Because challenge is certainly where you're going to get the satisfaction. If there's not much challenge, you're going to be like, "Oh well, that was nice. It was fun. I enjoyed it." But as a player, the challenge is what brings you the satisfaction. And certainly, Nintendo, historically, from when we first put two controllers into the NES package, has been about sitting down on the couch together and playing together. And the challenge there is what's also really important. And I think that's just going kind of back of those roots of competitive fun that Doug was talking about.
How much of the finale of the movie The Wizard set the stage for the Nintendo World Championships?
Trinen: I've been with Nintendo a long time, but I was not with Nintendo in 1990. [laughs] Potentially they were working on the two in tandem; I know there's one guy [at the event] today who actually worked on those 1990 World Championships. In 2015, as we were trying to decide what we wanted at E3 and from a tournament standpoint, it being the 25-year anniversary of Nintendo World Championships - we decided we wanted to bring that back. But because there were a lot of people internally who weren't familiar with it, and when they asked us, "Okay, what is this?" we said, "Well, do you remember The Wizard?" [laughs] So we certainly referenced it.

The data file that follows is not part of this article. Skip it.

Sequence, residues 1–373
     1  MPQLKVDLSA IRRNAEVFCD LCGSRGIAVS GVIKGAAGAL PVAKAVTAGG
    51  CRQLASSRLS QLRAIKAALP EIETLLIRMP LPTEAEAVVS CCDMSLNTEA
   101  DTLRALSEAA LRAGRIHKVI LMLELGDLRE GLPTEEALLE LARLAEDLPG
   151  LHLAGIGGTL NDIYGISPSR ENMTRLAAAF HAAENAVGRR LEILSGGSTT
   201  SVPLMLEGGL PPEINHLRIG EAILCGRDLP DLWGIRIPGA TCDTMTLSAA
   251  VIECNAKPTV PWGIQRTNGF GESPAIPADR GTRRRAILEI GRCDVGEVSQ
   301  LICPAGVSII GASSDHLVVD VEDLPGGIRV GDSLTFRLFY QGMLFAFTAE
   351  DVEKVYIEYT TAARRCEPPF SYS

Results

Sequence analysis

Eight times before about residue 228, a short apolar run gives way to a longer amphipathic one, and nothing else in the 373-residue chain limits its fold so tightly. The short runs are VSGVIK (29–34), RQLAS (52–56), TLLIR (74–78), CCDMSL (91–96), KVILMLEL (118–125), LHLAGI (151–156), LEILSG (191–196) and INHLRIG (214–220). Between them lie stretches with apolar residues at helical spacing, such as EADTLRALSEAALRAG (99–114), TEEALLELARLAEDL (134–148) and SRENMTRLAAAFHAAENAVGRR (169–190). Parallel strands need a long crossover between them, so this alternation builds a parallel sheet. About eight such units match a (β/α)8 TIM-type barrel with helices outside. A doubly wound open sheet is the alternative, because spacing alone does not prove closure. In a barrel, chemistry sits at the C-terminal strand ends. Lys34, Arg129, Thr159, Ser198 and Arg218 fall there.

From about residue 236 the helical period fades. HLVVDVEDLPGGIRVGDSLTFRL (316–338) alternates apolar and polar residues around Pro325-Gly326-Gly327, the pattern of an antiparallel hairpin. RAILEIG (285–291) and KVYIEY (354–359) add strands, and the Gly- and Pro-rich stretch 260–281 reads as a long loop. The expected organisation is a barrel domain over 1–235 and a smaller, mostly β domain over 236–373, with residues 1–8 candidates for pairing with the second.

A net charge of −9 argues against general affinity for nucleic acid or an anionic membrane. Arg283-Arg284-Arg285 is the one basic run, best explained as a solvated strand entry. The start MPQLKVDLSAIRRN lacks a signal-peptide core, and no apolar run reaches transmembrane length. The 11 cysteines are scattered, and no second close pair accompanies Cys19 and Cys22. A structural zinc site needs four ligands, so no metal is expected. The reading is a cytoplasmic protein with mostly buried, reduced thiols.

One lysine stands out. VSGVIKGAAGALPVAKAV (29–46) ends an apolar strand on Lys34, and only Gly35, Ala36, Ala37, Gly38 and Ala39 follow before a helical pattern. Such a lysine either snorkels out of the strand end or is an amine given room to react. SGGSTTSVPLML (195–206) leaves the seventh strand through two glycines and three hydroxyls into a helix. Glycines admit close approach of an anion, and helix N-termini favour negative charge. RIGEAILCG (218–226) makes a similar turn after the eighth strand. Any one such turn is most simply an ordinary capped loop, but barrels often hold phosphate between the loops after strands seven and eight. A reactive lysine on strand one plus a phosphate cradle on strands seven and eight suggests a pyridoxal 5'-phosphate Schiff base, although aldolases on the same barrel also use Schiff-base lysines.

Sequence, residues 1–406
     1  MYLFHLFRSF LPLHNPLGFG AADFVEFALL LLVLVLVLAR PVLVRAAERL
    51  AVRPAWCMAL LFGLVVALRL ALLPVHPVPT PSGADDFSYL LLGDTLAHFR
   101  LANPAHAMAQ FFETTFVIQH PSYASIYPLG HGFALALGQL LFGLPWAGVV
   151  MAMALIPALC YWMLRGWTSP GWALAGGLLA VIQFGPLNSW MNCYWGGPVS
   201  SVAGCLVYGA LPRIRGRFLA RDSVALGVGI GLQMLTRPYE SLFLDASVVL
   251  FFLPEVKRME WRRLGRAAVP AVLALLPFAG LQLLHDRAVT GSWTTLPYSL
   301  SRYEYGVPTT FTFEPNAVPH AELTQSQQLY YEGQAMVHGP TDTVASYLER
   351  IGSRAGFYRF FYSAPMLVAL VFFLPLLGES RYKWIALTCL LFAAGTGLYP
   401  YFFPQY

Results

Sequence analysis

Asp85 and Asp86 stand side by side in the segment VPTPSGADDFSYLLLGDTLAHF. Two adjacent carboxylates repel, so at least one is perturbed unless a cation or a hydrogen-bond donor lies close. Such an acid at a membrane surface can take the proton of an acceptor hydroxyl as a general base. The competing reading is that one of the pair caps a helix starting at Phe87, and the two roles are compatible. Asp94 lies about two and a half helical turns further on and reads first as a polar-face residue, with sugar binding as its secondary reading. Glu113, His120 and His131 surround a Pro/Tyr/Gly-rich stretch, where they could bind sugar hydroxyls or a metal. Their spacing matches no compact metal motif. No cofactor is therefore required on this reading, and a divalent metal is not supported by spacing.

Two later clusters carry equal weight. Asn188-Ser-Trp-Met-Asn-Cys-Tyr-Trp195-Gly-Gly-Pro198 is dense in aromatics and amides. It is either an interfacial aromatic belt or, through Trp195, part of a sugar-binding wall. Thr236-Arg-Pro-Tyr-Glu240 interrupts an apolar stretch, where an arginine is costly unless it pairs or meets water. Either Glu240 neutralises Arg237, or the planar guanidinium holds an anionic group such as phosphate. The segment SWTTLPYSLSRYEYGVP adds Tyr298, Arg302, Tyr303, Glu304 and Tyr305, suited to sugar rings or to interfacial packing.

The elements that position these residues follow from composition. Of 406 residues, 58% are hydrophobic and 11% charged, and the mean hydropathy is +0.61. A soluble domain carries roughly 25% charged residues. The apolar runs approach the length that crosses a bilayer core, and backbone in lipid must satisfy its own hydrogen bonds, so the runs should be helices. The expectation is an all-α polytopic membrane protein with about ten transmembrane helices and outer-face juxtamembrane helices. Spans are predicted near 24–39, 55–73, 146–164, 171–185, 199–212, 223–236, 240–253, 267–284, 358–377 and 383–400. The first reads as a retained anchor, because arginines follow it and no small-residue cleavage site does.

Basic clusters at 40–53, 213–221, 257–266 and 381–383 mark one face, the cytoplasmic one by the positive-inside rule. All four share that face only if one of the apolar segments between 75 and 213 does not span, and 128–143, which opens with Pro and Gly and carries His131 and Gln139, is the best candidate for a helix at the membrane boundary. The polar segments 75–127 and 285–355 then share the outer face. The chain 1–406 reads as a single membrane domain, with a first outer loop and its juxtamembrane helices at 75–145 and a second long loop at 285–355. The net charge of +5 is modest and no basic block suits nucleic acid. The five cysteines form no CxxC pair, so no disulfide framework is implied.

Would you hope to hold the Nintendo World Championships annually going forward?
Trinen: You know, in 2015 we did it and we saw the reaction. People loved it, and they were really glad it was back. So we knew afterwards that we didn't want to wait too long to do it again. We wanted to do another one. But we weren't really sure - is it an annual thing? Is it every other year, or something else? We'll take a look at how people respond this year. But I definitely don't think we're going to wait another 25 years before we do another one.